I have been careful not to write a spoiler, so if you want to find out more, you'll have to read it yourself.
[Aside to self: I really ought to re-read and review the many other Banville books I've loved, particularly Copernicus, Kepler, and Athena]...more
One of the great masterpieces of the 20th century. Everyone says that, so I might as well.
After a re-reading following Márquez' death, something elseOne of the great masterpieces of the 20th century. Everyone says that, so I might as well.
After a re-reading following Márquez' death, something else that everyone is doing, I'm even more impressed. I have not traveled in South America, but there's a sense in which this book is South America. The endless revolutions, the macho, the exuberance, the religion, the bananas, the decay: it's all here. We've wondered for years what the "great American novel is." We still don't know. But this is surely the great South American novel.
I'm also fascinated by Márquez' claim that this is not magical realism: it's just realism. He's right. There is an abundance of imagination, and certainly no small amount of exaggeration, but this is a story that takes a grandmother's stories very seriously. "Magical realism" is a defense that Norteamericanos use so they don't have to think about swarms of yellow butterflies. Or, for that matter, court decisions that rule that an American banana company never existed, and therefore couldn't be held culpable for its actions. ...more
Interesting, but lightweight. More about the personalities and the walks in the woods than the science.
It is very sad to see the US' programs for discInteresting, but lightweight. More about the personalities and the walks in the woods than the science.
It is very sad to see the US' programs for discovering planets outside the solar system, and even life outside the solar system, go by the wayside. But this book didn't convice me that this is the most important scientific question facing us. ...more
This made a lot more sense to me after I realized that Eggers is the creator of McSweeney's Internet Tendency. If you like McSweeney's, well, here's 5This made a lot more sense to me after I realized that Eggers is the creator of McSweeney's Internet Tendency. If you like McSweeney's, well, here's 500 pages of it. You may find that it's quite possible to overdose, even if you like McSweeney's a lot.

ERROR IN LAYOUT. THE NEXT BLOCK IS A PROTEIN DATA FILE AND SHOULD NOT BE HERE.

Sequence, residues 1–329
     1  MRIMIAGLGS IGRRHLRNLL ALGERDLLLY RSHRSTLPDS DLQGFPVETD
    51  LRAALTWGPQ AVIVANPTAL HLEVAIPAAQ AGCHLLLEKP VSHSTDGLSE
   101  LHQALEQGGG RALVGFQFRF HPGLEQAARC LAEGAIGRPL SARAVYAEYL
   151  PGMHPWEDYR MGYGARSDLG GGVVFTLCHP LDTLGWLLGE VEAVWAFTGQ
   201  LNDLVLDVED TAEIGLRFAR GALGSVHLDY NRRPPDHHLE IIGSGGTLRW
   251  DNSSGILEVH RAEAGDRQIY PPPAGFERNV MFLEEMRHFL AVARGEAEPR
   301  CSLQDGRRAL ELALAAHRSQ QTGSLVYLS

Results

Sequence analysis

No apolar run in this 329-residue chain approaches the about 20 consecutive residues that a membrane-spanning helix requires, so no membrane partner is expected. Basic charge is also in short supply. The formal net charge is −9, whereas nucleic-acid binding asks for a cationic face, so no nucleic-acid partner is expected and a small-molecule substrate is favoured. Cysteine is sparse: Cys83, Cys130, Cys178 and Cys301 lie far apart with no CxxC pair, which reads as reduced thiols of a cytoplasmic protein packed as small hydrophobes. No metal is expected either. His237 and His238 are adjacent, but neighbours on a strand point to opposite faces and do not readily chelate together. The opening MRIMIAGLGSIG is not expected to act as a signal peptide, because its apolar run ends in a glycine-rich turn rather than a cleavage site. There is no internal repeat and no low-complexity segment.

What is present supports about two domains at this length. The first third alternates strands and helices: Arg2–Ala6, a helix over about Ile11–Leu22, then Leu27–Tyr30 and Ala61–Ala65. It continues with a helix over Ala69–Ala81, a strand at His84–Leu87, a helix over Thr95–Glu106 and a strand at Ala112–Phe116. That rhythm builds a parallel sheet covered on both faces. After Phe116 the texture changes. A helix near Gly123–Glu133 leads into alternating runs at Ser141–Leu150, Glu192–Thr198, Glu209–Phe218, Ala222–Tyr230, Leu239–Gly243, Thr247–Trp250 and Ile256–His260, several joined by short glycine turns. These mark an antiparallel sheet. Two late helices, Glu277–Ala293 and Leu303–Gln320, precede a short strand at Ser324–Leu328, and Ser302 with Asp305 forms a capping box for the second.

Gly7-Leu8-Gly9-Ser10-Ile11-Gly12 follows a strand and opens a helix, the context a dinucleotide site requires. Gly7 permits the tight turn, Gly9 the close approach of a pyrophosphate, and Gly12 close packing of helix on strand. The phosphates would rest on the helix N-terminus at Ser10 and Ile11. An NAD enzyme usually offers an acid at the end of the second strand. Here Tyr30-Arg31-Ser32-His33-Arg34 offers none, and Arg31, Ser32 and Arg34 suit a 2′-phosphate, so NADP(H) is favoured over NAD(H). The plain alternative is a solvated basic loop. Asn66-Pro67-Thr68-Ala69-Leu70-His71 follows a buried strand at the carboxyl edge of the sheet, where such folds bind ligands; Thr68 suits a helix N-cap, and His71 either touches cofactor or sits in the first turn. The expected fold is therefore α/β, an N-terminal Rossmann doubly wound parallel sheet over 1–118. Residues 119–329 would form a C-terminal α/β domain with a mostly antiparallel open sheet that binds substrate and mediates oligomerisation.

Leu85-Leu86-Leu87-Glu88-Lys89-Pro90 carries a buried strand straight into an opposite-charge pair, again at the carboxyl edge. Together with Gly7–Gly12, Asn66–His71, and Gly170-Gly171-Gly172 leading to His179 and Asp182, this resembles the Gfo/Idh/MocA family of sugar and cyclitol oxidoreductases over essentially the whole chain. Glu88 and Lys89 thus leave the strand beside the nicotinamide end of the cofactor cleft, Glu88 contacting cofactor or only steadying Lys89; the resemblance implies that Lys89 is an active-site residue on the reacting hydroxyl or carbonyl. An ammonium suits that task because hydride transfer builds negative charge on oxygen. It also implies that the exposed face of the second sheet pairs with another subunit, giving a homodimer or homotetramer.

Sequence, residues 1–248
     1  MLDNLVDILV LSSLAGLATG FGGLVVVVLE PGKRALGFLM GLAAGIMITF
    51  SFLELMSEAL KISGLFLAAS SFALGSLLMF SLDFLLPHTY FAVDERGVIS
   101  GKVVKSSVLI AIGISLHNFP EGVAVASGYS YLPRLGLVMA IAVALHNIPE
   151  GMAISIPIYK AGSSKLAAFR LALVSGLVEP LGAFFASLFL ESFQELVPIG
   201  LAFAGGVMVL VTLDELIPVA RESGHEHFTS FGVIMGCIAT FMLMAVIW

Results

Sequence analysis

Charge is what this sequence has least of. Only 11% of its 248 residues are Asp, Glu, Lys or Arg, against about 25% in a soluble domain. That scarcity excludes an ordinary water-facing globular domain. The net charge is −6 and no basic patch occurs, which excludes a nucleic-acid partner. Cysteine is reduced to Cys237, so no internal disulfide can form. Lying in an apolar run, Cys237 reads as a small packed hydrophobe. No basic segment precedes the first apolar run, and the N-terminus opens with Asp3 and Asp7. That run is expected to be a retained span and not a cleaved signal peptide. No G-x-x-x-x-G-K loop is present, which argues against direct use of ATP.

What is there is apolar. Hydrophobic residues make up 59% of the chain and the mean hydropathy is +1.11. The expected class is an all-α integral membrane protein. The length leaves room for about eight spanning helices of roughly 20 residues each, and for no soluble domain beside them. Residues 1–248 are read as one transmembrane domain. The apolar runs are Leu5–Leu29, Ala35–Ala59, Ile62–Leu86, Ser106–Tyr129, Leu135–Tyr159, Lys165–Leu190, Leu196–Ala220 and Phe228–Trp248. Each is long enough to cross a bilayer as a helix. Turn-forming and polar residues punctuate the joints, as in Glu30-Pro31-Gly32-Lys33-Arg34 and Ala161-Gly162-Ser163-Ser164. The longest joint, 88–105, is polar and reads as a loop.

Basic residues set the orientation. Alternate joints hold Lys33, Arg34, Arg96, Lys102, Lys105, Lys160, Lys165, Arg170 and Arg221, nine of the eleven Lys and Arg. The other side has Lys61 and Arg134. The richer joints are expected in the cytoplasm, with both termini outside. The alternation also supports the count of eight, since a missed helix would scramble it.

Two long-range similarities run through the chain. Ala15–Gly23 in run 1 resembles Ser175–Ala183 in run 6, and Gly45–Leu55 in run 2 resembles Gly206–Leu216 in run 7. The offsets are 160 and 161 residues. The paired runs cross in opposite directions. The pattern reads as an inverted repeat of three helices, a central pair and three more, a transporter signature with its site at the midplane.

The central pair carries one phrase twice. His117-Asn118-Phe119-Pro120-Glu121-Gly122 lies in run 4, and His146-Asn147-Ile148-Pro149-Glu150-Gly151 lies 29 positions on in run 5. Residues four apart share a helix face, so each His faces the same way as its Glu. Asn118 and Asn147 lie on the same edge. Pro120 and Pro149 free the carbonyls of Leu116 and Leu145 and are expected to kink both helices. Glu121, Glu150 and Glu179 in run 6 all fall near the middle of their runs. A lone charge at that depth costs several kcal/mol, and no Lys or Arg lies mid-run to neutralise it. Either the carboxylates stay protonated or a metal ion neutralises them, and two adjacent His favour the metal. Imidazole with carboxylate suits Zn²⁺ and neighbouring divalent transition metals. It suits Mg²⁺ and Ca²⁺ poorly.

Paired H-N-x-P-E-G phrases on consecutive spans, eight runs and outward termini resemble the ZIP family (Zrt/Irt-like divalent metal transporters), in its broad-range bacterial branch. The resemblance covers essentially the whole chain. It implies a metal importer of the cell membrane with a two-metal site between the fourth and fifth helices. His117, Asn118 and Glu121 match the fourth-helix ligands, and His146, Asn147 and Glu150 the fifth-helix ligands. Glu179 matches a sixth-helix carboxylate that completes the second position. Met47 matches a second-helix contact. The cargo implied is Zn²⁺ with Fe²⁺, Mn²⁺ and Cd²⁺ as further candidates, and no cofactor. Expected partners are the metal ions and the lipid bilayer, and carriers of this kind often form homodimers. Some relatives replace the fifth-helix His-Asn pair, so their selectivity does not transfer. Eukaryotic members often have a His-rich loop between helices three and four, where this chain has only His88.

There are parts of this book that are sheer, well, staggering genius: a few pages that could have come straight from On the Road, the ending paragraphs that are riffing on Molly's soliloquy in Joyce's Ulysses. And lots that's simply annoying, which I suppose is what you'd expect of any heartbreaking work of staggering genius.
Ultimately, despite all the denials, the "how to read this book" that tells you to skip everything after the first few chapters, the preface that you're not supposed to read, the "acknowledgements" that you're also not supposed to read, and that mock almost every theme that might conceivably be present, this is a very human and loving book. It's a book that's cynical about cynicism. ...more
Just a beautiful short book. Could easily be read in one sitting.
As I was reading it, I thought "This is Gaiman's version of John Banville'sThe Sea".Just a beautiful short book. Could easily be read in one sitting.
As I was reading it, I thought "This is Gaiman's version of John Banville'sThe Sea". It's irreducibly Gaiman, but also as carefully and beautifully written as Banville. And about many of the same themes: memory, childhood, death, and loss, but placed in a mythic context that Gaiman handles better than any other living author. ...more